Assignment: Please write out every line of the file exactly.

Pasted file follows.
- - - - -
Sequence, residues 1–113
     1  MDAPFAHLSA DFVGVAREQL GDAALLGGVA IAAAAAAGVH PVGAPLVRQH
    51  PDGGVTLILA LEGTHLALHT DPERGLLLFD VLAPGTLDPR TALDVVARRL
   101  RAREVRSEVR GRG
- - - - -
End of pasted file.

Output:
Sequence, residues 1–113
     1  MDAPFAHLSA DFVGVAREQL GDAALLGGVA IAAAAAAGVH PVGAPLVRQH
    51  PDGGVTLILA LEGTHLALHT DPERGLLLFD VLAPGTLDPR TALDVVARRL
   101  RAREVRSEVR GRG